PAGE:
This backstory is an example of retroactive continuity, but it nonetheless establishes an immediate connection with Jack Bauer and David Palmer. It also links back to season one, the events of which kick-started their respective stories in the series. Saunders uses the virus to hold the country hostage and make demands which includes, among other things, murdering Regional Division Director Ryan Chappelle.
From the moment Saunders is revealed as the mastermind, the narrative gathers continual momentum. The Chandler Plaza Hotel is the first site that Saunders targets in his pursuit of vengeance. Both Gael and Michelle Dessler are among the thousand people who are exposed to the virus. While Michelle eventually discovers that she is immune, Gael quickly starts exhibiting symptoms and ultimately succumbs to the virus.
This storyline delivers extremely tense and haunting moments. Among these, Michelle is forced to shoot one of the guests as they try to leave the building and, later, suicide capsules are offered to everyone inside for a less painful death. These are emotionally powerful precisely because they represent one of the few occasions that 24 focuses on how terrorist attacks can affect normal civilians.
The remainder of the season has no shortage of equally powerful scenes. Jack is forced to murder Ryan Chappelle in one of the most disturbing moments of the series and later amputate one of Chase’s hands to prevent the dispersal of the virus in a high school. Michelle is also captured to guarantee the cooperation of her husband in a sequence that closely mirrors what Jack experienced in season one.
Whereas the first half of season three lacks energy and focus, the second half of the season is universally lauded for good reason. From the harrowing Chandler Plaza crisis and the explosive confrontation at the 6th Street Bridge through to the relatively subdued resolution outside St. Thomas Hospital, the second half of the season features some of the most memorable character interactions and action set-pieces of the series.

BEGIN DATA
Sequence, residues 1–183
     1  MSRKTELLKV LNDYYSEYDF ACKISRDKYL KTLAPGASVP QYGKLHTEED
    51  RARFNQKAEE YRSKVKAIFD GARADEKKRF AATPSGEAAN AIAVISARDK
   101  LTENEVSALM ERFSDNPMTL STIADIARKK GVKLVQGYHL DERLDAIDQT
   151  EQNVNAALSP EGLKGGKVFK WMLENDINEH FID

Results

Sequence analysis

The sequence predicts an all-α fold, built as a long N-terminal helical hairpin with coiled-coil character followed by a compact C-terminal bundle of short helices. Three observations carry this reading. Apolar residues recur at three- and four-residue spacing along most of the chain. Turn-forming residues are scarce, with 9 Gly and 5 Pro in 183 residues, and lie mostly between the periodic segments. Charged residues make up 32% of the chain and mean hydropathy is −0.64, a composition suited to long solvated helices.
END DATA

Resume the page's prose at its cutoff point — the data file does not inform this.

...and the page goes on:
Despite the strength of the aforementioned material, season three is fragmented by myriad subplots that are poorly integrated at best and completely pointless at worst. Whereas the subplots of the first two seasons were salvaged by their thematic relevance, season three has little such luck. They more closely resemble soap opera dramatics, moving from one absurdity to another in an effort to fill out time and give characters something to do.
The interoffice politics at C.T.U are especially tiresome this season. Hostility is exchanged between Kim Bauer and Adam Kaufman for petty reasons while conflict ignites over the romantic relationship between Kim and Chase. Although Kim is better integrated into the action this season, she still feels like window dressing that has a nasty habit of inciting unnecessary drama and getting into trouble.
Meanwhile, Chloe O’Brian is forced to look after a baby in secret for multiple episodes. In addition to her awkward and combative personality, her introduction does not immediately endear her to the audience. In retrospect, it seems extraordinary that Mary Lynn Rajskub’s initially quirky and unlikeable intelligence analyst became the second longest-running character in the series after Jack Bauer.